• Books in multiple languages including English, Spanish, and Russian
  • DVDs, music on CDs, and audiobooks

We've included many items from Special Collections, and digital photos courtesy of the UNH Department of Theater and Dance, from their past performances of Alice in Wonderland.

In addition to the display items, the UNH Library has many electronic resources related to Alice in Wonderland.


Musical Score

Streaming Video and Audio

Come see the display on the main level of Dimond Library near the circulation desk. The display will be up through the end of November.

Promote your research! We'll make it easy.

Posted October 19, 2015

Celebrate International Open Access Week (October 19-25) by participating in the Scholars’ Repository! The Scholars’ Repository, an online collection hosted by the UNH Library, makes it easy for others to find, share, and cite your scholarship. Faculty, students, and staff are invited to submit journal articles, conference proceedings, reports, presentations, and other scholarship or creative work.

How to participate:

  • Send a copy of your publications list to Scholarly Communication (your CV, Google Scholar profile, Research Gate profile, or any other list will do). We'll add your publications in compliance with publisher copyright policies. If you’ve sent us a list in the past, send an update. We’ll let you know when the work is done.
  • To add presentations, reports, and other unpublished work, either email us copies of your documents or sign up for an account to upload them on your own. Signing up for an account will allow you to get download statistics for you work.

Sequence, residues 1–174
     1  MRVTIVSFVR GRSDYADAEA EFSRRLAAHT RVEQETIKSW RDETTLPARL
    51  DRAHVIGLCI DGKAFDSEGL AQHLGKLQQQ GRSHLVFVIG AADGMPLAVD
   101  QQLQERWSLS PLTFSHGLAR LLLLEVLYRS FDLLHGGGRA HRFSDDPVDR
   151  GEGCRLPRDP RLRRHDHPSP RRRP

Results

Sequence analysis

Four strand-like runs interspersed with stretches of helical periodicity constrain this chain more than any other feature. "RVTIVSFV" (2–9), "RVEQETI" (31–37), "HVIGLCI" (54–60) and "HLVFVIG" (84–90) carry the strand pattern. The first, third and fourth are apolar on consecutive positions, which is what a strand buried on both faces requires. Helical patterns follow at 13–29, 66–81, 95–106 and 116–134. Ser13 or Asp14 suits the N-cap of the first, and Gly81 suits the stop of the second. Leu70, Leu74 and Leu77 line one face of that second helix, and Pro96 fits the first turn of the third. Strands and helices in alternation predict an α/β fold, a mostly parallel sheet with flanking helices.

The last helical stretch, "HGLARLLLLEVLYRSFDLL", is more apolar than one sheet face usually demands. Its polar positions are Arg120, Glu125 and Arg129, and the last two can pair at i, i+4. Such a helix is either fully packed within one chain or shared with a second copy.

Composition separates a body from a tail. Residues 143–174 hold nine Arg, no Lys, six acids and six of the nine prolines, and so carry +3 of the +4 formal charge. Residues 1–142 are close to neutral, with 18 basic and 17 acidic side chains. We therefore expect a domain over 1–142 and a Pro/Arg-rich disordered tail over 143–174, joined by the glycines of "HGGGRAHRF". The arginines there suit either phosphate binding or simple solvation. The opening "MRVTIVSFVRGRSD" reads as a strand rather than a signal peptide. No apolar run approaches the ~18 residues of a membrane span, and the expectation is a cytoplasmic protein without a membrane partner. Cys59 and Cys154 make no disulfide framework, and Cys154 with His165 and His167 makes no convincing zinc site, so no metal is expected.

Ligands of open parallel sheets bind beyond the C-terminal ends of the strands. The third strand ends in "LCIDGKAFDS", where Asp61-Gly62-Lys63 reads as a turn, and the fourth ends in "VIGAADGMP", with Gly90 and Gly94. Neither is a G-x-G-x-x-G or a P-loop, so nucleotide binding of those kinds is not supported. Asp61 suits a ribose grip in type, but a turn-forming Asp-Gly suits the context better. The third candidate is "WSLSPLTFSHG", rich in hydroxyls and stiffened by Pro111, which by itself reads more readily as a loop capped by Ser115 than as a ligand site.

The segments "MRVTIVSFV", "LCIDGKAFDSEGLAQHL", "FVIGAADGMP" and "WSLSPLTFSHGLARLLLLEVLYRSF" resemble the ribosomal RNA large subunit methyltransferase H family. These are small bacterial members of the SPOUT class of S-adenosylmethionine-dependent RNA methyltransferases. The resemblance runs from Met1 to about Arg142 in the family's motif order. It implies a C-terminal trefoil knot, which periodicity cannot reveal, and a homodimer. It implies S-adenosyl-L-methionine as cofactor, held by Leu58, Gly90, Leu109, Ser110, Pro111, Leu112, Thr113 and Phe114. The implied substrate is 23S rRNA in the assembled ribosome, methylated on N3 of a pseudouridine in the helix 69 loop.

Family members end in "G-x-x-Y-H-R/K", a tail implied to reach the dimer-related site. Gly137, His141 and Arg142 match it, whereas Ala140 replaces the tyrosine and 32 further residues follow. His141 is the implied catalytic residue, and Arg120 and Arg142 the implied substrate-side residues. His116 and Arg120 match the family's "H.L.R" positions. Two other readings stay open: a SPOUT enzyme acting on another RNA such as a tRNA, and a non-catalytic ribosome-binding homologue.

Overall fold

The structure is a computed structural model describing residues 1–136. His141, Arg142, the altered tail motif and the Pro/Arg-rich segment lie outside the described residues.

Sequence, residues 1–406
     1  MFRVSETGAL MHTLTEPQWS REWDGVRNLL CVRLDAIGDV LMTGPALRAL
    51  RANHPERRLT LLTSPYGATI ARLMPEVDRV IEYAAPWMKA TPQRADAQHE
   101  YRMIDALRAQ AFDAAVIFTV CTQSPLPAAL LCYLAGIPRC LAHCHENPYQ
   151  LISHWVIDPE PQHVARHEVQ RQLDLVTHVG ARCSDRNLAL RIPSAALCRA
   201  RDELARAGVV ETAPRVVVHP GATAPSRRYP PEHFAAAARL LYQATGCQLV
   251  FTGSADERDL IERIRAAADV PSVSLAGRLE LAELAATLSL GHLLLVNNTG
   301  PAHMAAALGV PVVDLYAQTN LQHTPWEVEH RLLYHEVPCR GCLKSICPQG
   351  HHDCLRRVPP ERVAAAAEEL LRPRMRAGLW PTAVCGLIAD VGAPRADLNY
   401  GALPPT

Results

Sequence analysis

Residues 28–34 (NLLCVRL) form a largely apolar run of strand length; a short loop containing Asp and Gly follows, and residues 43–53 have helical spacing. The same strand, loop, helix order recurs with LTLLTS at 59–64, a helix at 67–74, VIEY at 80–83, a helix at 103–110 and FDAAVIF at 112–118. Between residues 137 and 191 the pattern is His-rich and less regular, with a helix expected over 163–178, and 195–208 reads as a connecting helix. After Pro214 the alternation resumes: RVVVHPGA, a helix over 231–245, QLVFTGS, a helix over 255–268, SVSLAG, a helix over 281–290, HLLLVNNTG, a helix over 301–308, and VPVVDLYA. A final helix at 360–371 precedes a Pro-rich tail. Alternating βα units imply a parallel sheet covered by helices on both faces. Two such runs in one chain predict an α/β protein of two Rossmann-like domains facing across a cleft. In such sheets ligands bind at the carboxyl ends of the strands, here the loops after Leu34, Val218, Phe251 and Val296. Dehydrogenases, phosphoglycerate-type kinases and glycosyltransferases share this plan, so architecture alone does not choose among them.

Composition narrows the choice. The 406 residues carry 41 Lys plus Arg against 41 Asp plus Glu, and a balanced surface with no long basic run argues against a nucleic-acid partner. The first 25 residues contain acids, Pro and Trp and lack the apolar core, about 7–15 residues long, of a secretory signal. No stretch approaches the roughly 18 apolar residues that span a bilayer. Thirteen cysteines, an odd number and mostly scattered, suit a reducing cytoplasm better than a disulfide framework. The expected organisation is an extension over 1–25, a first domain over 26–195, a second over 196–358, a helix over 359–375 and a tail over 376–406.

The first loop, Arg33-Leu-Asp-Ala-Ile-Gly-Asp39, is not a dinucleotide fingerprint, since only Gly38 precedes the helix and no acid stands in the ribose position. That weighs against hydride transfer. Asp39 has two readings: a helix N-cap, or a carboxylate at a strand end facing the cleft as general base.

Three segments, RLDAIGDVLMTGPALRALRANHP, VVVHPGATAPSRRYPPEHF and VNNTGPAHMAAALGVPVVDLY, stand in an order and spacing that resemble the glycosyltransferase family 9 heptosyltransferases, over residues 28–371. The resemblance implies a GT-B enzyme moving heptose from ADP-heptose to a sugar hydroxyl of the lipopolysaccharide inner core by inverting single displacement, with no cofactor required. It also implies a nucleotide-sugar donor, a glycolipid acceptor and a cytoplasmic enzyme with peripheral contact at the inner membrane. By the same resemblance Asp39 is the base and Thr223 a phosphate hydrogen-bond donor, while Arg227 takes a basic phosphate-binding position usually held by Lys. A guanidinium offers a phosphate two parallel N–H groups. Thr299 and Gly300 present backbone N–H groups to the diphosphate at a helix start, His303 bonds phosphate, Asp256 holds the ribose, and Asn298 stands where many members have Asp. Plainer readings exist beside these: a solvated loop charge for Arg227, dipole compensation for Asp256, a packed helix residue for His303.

Make sure that your scholarship can be found by anyone who needs it. To learn more about Open Access publishing, author copyrights, and research repositories, visit the Scholarly Communication and Open Access Library Guide or invite Eleta Exline, the Scholarly Communication Librarian, to meet with your department or group.

Whalebone to Steel: The Shape of Fashion

Posted September 3, 2015

September 18 - December 18

Take a peek at what lies beneath, in Whalebone to Steel: The Shape of Fashion, a new textile exhibition at the University of New Hampshire Museum.

Past exhibitions have focused on lovely gowns and surface details, but Whalebone to Steel: The Shape of Fashion, the latest effort by guest curator Astrida Schaeffer, lifts skirts and unbuttons bodices to reveal the true ‘Victoria’s secrets’ — the corsets, hoops, bustles and more, that shaped and supported the changing silhouettes of women’s clothes from the 18th to the early 20th centuries.

Some of the foundation garments displayed are designed to reshape the body, while some added to the body to change the profile. Early corsets and their precursors, called “stays,” were stiffened with reeds, cords, or whalebone (actually baleen) as a means of supporting the torso and bust. As technology advanced in the mid-19th century steel boning became the norm and the hourglass figure emerged as a result of steel’s shaping qualities.

According to Schaeffer:

Contrary to urban legend, that didn’t mean fainting ladies and rib removal; the exhibition makes the case that much of what we think we know about what it was like to live in a corset is a myth. In fact women lived quite active lives while corseted and could even be fairly athletic.

Where corsetry physically altered the body, hoops and bustles affected women’s shapes by building out artificially from it with cages of steel and other materials. The exhibition showcases a range of these items, as well as contemporary attitudes towards women's’ fashionably ballooning forms.

The core of the items on view comes from the Irma Bowen Textile Collection at UNH, which holds some 700 textile pieces donated to the university by Bowen. These pieces were originally gathered as teaching tools for the home economics dressmaking classes she taught at UNH from the 1920s to the 1940s.

In addition, generous loans from collections at the Brick Store Museum, John Paul Jones House, Museums of Old York, Strawbery Banke Museum, and the Wentworth Lear Historic Houses help fill out the story of how women’s clothes were shaped by their underthings.